These are my dad’s parents on their wedding day. April 19, 1919.
They were married in New Holstein, Wisconsin, at my grandma Mariele’s parents’ home. Isn’t her jacket the most gorgeous thing you’ve ever seen? The long row of buttons down the bottom, the roses in the lapel, and the jaunty hat all combine to make this a vintage outfit I would love wearing, even now.
My grandma was a nurse at Beloit Hospital during the Great Flu Epidemic in 1918. She had finally convinced her old-fashioned German father to let her go to town and become a nurse during the war effort. He had wanted her to stay nearby, marry and have babies, but the nation needed good nurses, so she was allowed to go.
Before the epidemic, there was a patient she was exceptionally fond of who had a heart condition, my great grandma Zora. Zora’s very attractive son used to come to visit her in the hospital. Mariele took notice. She sent him a valentine from a secret admirer, and he found out who sent it. They began dating, and the rest is history. Grandma Zora died in January of 1918, and they were married the next April.
My grandpa Ford looks like one of those tough guys in the old gangster movies. My husband calls these “Say, Fella” movies. Because the guys all talked like that back then.
My cousin Kurt told me a story about my grandpa once giving a guy an improvised tracheotomy with a pool cue at some pool hall in either Rockford or Beloit, and then taking it on the lam up to Canada when he thought he was a wanted man, but the family pooh poohs this story. He swore that my Uncle Bum (yes, that was his nickname…shut up!) told him this story and that grandpa had told it to him. Turns out he didn’t actually kill the guy, although he thought he had. When his mother was on her deathbed, his father summoned him back to Beloit, and he saw the guy around town, just probably moving a little slower.
I love old wedding pictures. You can see so much light in newlyweds’ eyes; it’s the happiest time in their lives– so much potential, so much hope for the future. This photograph sat on the stereo at my aunt Hope’s house for many years, and I would just sit and stare at it, fascinated by the couple in the picture. Was it any wonder I ended up writing a huge genealogy of this side of the family?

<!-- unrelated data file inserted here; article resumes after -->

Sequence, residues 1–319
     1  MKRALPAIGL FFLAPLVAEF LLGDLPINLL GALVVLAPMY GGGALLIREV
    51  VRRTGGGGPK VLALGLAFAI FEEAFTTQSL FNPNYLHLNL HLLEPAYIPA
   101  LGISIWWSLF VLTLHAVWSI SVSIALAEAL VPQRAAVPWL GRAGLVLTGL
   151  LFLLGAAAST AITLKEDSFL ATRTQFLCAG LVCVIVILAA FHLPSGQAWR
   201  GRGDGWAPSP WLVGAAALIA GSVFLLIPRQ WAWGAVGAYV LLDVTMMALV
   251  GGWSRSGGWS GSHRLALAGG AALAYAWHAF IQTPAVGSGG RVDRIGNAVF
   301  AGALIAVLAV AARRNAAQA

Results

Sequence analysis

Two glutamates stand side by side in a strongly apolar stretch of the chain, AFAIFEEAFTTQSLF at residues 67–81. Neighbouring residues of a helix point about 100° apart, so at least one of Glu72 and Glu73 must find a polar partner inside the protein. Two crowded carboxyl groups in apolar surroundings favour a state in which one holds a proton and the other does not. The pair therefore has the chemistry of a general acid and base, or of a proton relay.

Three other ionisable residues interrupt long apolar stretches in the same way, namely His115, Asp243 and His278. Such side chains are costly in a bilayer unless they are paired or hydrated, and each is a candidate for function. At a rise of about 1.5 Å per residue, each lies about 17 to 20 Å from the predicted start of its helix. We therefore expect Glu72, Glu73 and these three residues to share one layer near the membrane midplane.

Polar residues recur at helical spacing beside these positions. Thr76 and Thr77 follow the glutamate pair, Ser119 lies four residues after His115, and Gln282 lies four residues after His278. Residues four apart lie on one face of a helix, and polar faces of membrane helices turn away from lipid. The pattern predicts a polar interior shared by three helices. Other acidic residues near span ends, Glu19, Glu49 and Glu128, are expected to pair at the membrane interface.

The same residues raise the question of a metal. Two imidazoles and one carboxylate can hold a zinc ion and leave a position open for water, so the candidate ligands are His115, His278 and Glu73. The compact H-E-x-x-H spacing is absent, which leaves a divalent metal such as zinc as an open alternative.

My grandparents began their married life in Beloit, living just down the street from Ford’s widowed father. They later moved to Chicago and its environs. So much hope for the future, and then the Depression hit. My grandfather lost his job and they ended up moving to Winnebago Avenue, which my father called “Cockroach Boulevard.” My aunt Hope always insisted they were poor, but they were happy.
My grandmother had nine children, of which my dad was number eight. He showed up smack in the middle of the worst of the Depression, in 1932, and my aunt Judy followed him two years later. My grandfather later got a job at International Harvester as a die sinker and he retired from there.
My grandma always had an innate sadness to her because she lost her daughter Joan (they pronounced it Jo-Ann) on April 19, her anniversary. From then on, it was never a day to celebrate, only to mourn. Two of her daughters came down with scarlet fever at the same time. My aunt Zora recovered. My aunt Joan was not as lucky. They had to go to a contagious disease hospital because grandma was pregnant with my aunt Loie at the time. But every day, she’d go to the hospital and keep vigil for her girls. The nurse said “Why do you come when you can’t see them?” “Because they’re my daughters!” Grandma would snap, unable to believe anyone else wouldn’t do the same.
I never got to meet my grandfather. He died six years before I was born. My grandmother died when I was five and a half, so I barely remember her. But I remember her old and frail, and wracked with the ravages of the diabetes she contracted during one of her many pregnancies. Not beautiful and hopeful as she looks here.
I want my genealogy to honor their memories, like so many others in our family. No one has ever paid tribute to this family before. My grandfathers, uncles, and other relations were almost all farmers or menial laborers. We were poor, but we were proud. We were Smiths.